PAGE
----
In 1961, at the peak of the Space Race, the Soviet Union government headed by Khrushchev, secretly set up an experimental laboratory made of space scientists, artists computer programmers, philosophers, and sound engineers in Bukhara, Uzbekistan. The purpose was researching sonic warfare tactics and the project was given the code name Rockmore and headed up by Aliki Zamfe. Zamfe was chosen for developing the sonic aspects of maskirovka, a Russian military doctrine first put into operation during the Battle of Kulikovo against the Tatars in 1380, leading to the establishment of the modern Russian state, and still the modus operandi of Russian state today.
A polymath, specialising in a vast range of subjects, Aliki Zamfe possessed exceptional ability in solving complex engineering problems. Between 1950–1976 she contributed to the Soviet Union scientific research over 3400 works, dealing with the most varied problems on pure mathematics, theoretical mechanics, astronomy, aerodynamics, medical psychoacoustics and artificial intelligence.
Aliki had been thinking about adaptive learning and auditory perception as far back as the 1940s, until interrupted by war. In the 1950s her superiors were sceptical and almost dismissive about sonic maskirovka, however, eventually she was able to secure funding for project Rockmore. Her team were allowed to set up their lab in a derelict former monastery in an abandoned area in Bukhara, destroyed during the war and rebuilt to resemble a spaceship. Although small – just 20 people – the team was extraordinarily committed. They worked in shifts 24 hours a day and many, including Aliki, lived in rooms above the lab. Aliki kept notebooks of her experiments, both the realised and the unrealised, together counting some 6400 projects.
Aliki’s granddaughter, Souzanna Zamfe, has been studying the notebooks and keeping her own audio journal on the entries relating to maskirovka. Souzana is a Moscow-based researcher at the Department for Underground Futurity and Sonology and an associate of the sonic research collective AUDINT, whom she has been feeding with information from her grandmother’s notebooks.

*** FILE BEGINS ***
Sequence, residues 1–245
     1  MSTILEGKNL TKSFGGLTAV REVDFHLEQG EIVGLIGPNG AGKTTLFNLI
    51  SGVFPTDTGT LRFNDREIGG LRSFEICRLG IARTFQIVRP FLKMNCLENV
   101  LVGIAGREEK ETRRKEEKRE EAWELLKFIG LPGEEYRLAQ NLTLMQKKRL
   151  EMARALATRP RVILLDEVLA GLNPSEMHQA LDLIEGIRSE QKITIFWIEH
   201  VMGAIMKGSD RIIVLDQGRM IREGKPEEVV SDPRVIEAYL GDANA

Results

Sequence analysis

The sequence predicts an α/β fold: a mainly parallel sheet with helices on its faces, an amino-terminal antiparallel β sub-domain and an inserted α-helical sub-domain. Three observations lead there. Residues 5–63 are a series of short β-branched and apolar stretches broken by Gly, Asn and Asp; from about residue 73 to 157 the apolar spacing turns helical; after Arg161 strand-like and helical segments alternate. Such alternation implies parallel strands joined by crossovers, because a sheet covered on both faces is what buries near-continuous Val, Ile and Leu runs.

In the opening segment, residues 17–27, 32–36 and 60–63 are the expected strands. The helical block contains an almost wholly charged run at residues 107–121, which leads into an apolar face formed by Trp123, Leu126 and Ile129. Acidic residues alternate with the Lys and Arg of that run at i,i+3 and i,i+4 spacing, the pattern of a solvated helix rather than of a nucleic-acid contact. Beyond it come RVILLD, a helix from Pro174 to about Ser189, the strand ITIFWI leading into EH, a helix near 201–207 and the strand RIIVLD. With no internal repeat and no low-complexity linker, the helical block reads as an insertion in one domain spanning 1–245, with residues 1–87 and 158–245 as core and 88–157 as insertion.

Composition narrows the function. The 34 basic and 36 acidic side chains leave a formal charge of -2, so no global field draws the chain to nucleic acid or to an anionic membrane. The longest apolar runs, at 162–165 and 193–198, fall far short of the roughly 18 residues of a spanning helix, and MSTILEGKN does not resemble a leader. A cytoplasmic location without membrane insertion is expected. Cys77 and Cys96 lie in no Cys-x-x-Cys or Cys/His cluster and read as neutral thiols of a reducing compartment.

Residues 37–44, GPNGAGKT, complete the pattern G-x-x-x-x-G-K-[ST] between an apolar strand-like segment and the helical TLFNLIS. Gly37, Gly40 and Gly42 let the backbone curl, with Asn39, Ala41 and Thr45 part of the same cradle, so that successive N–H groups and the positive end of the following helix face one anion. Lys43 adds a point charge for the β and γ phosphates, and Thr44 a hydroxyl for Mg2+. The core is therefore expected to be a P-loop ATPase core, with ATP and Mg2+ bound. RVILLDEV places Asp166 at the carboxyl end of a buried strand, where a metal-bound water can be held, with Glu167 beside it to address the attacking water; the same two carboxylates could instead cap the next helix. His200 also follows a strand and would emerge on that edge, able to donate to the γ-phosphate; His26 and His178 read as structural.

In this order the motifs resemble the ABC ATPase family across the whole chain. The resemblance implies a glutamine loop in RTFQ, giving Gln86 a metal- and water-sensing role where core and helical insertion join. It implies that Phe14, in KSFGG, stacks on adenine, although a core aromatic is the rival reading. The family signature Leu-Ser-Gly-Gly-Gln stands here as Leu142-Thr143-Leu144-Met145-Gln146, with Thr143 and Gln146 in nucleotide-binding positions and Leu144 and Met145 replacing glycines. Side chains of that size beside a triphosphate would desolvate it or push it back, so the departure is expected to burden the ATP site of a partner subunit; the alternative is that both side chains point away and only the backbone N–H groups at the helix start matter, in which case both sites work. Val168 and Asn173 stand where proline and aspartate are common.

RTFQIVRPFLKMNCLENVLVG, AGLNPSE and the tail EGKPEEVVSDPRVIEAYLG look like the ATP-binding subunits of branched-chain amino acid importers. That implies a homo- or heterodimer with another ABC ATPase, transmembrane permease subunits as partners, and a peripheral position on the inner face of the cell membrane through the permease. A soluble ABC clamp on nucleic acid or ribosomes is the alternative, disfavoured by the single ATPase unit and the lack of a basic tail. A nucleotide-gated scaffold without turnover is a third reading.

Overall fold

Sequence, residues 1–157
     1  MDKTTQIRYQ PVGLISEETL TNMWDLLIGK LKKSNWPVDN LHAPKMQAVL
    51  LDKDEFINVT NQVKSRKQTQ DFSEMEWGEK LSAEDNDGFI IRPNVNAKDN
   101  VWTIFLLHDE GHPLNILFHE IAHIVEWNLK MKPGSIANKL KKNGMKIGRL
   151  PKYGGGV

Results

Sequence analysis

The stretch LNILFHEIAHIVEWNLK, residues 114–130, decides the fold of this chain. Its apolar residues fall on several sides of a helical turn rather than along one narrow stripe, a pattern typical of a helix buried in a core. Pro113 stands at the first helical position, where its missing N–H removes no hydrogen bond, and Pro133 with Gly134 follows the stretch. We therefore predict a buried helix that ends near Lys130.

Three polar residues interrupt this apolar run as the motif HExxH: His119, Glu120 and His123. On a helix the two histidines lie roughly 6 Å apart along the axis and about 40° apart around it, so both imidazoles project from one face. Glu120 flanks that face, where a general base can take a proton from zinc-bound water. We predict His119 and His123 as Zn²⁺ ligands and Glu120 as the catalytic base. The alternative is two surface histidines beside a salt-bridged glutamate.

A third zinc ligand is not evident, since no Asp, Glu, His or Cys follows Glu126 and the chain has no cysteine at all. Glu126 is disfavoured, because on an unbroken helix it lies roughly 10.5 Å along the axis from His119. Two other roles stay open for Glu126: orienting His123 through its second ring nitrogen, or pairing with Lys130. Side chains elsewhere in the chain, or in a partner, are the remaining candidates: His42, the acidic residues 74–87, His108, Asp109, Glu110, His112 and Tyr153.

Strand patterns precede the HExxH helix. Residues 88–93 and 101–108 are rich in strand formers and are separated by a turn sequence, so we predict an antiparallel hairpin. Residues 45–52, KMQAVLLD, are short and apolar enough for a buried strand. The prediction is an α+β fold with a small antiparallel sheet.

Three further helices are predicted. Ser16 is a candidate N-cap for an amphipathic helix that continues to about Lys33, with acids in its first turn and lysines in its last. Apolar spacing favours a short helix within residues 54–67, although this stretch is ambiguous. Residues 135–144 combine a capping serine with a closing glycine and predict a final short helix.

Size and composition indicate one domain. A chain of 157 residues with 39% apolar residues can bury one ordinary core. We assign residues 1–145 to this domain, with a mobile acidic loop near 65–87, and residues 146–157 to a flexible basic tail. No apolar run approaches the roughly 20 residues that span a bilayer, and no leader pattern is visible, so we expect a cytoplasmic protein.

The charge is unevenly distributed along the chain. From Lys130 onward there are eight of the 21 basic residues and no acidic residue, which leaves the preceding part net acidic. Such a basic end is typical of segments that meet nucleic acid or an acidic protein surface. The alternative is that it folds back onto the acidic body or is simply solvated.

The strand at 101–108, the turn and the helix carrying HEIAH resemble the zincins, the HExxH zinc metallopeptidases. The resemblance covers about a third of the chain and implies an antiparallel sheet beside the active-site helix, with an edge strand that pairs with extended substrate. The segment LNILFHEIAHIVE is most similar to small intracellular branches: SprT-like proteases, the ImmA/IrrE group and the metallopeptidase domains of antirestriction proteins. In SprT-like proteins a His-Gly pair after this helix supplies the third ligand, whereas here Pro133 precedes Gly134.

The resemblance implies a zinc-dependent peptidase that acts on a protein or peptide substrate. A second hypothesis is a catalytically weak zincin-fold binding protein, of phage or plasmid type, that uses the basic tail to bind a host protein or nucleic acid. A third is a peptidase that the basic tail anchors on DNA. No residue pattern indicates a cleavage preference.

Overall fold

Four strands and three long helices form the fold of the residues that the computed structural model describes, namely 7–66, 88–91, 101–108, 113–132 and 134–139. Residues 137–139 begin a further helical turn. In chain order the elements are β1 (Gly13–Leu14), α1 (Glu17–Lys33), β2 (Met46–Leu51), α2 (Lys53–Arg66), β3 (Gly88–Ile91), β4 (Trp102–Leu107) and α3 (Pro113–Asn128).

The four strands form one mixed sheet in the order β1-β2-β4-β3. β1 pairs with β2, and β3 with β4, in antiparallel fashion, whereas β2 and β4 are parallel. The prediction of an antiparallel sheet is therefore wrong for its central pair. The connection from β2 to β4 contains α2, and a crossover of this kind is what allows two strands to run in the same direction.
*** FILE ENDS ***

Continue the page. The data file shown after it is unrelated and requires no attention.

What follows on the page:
The below are extracts from Souzanna’s audio journal. First, her voice from an entry marked “0”, when she started piecing together her grandmother’s story:
Allegiance to a country and a nation, the willingness to give up your life for their cause, at best it’s hallucinatory, or just plain delusional.
I knew that, but did she?
I promised I would write her story. I ended up living it, in that bunker.
Most mothers read fairy tales to their children, Aliki would put my mother to bed with stories about unidentified audio events and facts about auditory perception; ‘did you know, the ear has 50,000 audio receptors, out of which only 3,500 send signals to the brain, so it’s a perfect target for deception, more effective than the eye!’
– What happens to person’s voice after they die? my mother would ask her
– The voices of the dead move through us all, but not everyone has the capacity to listen; and fewer still are able to let the lost voices speak through them.
I spent a great part of my life in that lab looking for the conduits.
But first I had to decipher her notes, the memory of the archive. To activate history through memory. To allow it to happen once more, but differently. To return to a past which didn’t come to pass.
On the back cover of her journal I found the unsigned epigraph:
‘The flames of conquerors turned this whole past into an absolute enigma’
And in small letters below:
The following is from Souzanna’s communique to AUDINT. The text was lifted directly from Aliki’s notebooks, translated into English and recorded with an artificial voice.
‘Notebook Number 9
We’ve received information about M, a woman suffering from ‘hyperrhythmia’, a condition involving obscure symptoms such as the sensation of ‘hearing without ears.’ We are intrigued by news of a living human bearer of this noncognitive feeling, which is neither an innate quality of the body nor dependent on external stimuli. In fact, the condition appears significantly more complex. It can be outlined as the phenomenon of processing viscerally and registering immediately sonic potential that are consciously inaccessible to the sufferer.
M doesn’t seem to have grasped its full potential.